The Guns of Navarone Reviews
At one point, Gregory Peck refers to David Niven as "son." I've no doubt this was in the script. However, I further have no doubt that the line was written before the movie was cast. I looked it up, you see, because it was so jarring. This is in part because David Niven's career is older by about ten years; doubtless the war had some influence somewhere. More to the point, though, David Niven is six years older than Gregory Peck. He was fifty-one when the movie was made. Now, the Officer is often, in war movies, an older man, unless the point is how green he is. It's one of the Great War Movie Traditions, and we all just go along with it. However, I can't really do that here, because I can't believe David Niven in the character he plays. And since he was one of two characters I really knew much about, that was a problem.
There were, according to the movie, guns on the Greek island of Navarone which were a serious problem when the Allies wanted to liberate the country. There were also other places in that chunk of sea which were important to the Allies, but I don't know how much the guns--the kind on tracks so that, when they recoil, you can get them back in place--had to do with that. Anyway, a group of British officers are sent by high command to take out the guns so the island can be liberated. So Gregory Peck led a little band of men, although there was a major who was played by Anthony Quayle and supposed to be in charge, on a strike mission designed to get to Navarone, get into the bunker, and destroy the guns. Naturally, the German army is rather opposed to the idea.
I didn't really follow most of what was going on, I must admit. It's not that it's a war movie, or anyway not just that it's a war movie. It's that the suggestion at the beginning that they just load up a plane with dynamite and fly it into the cave is about as sensible as what actually ends up happening. There is this idea that we need to see movies about a Plucky Band of Outsiders taking on the whole German army and succeeding even when it's obvious they ought to have been shot and killed in the first five minutes. And while there are partisans in whatever country the movie is set in, even unto Germany itself, the partisans are never capable of much of anything. I don't even just mean that they can't help, though they really don't seem able to here. I mean that the people have to be sent in at all. Outsiders have to go in and do it for them. I think this is the same philosophy as the one in which we need an American to be in the Plucky Band of Outsiders if we Americans are to know which side we're rooting for.
It's also worth noting that this is a [i]long[/i] movie. It's over two and a half hours long. Most of it is taken up in action sequences and heated dialogue. Apparently, it's intended to be anti-war, but I don't see anything which sets it up as such. Nobody's very happy to be there, and David Niven gets a long speech about how the war is someone else's problem and he's just gotten caught up in it. The Greek peasants aren't exactly treated kindly by the Germans. I think maybe if we spent less time on gunfights and more on the problems of the guy who thinks war is glory, we might ourselves see that it isn't. I mean, okay; it's hard to go far wrong fighting Nazis, but maybe that's the problem. If you're going to make a an anti-war movie, World War II is not your prime war of choice. It's too established that the Allies really did have to fight back, and it's too easy to show Nazi atrocities.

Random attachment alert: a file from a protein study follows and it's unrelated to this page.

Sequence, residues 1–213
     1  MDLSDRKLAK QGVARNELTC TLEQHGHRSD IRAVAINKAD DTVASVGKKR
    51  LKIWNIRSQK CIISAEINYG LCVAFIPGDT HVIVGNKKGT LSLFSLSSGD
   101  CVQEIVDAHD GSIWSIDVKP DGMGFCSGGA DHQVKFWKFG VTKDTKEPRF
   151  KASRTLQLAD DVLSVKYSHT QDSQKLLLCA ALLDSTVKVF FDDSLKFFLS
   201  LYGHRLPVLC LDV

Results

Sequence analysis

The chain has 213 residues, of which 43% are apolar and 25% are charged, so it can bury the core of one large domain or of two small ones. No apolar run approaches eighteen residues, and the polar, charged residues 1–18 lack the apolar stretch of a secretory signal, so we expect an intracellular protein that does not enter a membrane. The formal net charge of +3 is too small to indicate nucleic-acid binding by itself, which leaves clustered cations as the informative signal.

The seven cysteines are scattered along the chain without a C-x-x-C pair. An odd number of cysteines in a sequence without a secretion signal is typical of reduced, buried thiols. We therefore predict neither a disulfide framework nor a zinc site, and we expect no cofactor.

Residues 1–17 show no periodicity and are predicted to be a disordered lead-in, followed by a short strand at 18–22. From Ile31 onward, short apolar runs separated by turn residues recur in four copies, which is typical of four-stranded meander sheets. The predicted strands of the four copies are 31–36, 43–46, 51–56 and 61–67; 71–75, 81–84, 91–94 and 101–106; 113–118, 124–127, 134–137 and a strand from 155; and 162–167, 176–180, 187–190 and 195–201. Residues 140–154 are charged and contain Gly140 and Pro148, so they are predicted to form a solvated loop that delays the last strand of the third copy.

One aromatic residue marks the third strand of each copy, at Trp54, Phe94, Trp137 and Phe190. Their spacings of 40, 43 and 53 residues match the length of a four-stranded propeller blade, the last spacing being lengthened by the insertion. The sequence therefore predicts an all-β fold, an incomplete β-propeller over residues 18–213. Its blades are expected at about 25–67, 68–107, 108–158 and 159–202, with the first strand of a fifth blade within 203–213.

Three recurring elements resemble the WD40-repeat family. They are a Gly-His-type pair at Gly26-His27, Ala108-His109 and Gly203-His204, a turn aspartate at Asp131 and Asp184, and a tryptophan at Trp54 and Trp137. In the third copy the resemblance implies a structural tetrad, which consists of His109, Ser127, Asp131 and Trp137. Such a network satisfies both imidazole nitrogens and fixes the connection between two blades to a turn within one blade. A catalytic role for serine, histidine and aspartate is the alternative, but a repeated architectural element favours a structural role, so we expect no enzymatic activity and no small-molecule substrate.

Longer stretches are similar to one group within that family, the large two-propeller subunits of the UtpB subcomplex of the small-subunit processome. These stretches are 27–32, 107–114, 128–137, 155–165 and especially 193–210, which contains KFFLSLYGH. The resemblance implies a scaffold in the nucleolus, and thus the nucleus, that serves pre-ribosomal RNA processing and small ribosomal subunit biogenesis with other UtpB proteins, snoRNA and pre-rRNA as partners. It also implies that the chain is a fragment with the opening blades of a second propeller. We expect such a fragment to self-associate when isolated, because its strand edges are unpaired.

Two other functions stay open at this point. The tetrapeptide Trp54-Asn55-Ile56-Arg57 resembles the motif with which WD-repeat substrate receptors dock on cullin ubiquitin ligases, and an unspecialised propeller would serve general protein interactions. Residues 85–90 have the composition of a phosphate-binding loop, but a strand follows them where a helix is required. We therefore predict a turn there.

Besides which it was done better that year in the much talkier [i]Judgment at Nuremberg[/i]. Which beat it for Adapted Screenplay, and rightfully so. The fact is, people think of this as an action movie, and action movies just go to demonstrate Truffaut's assertion that it is impossible to make an anti-war film. Yes, people die in this movie. Yes, one person dies in such a stupid way that I really don't see the point from a story perspective. Yes, one character is shown to have been so overwhelmed by despair that collaboration seems the only way out, even when another option presents itself. Yes, David Niven gets his lengthy speeches and his snide comments about Gregory Peck's duty to his men since he took his commission. It kind of makes me wonder what David Niven is doing there in the first place; I missed that bit. But anti-war? No, I don't see it at all.
This is a real-edge-of-your-seat film, and most definitely a "manly man" type of movie. It wastes very little time on romance and other diversions, sticking to the action and the story while throwing a few unexpected twists and turns in along the way.
A fine ensemble cast, which includes Anthony Quinn, James Darren, Richard Harris and David Niven, among others, really raises the bar.
A real edge-of-your-seat film, and definitely a "manly man" movie, this one sticks to the story and the action with very little in the way of any romantic diversions. Top-notch acting from the fine ensemble cast, which also includes Anthony Quinn, James Darren and David Niven, among others.
The only flaw in the plot is the fact that it is glaringly obvious that their group has a traitor early on in the film, a fact which they seem to ignore until much later on, when it is almost too late. Still, it's a fine story and it takes a number of unexpected turns, while keeping the suspense revved up all the way through.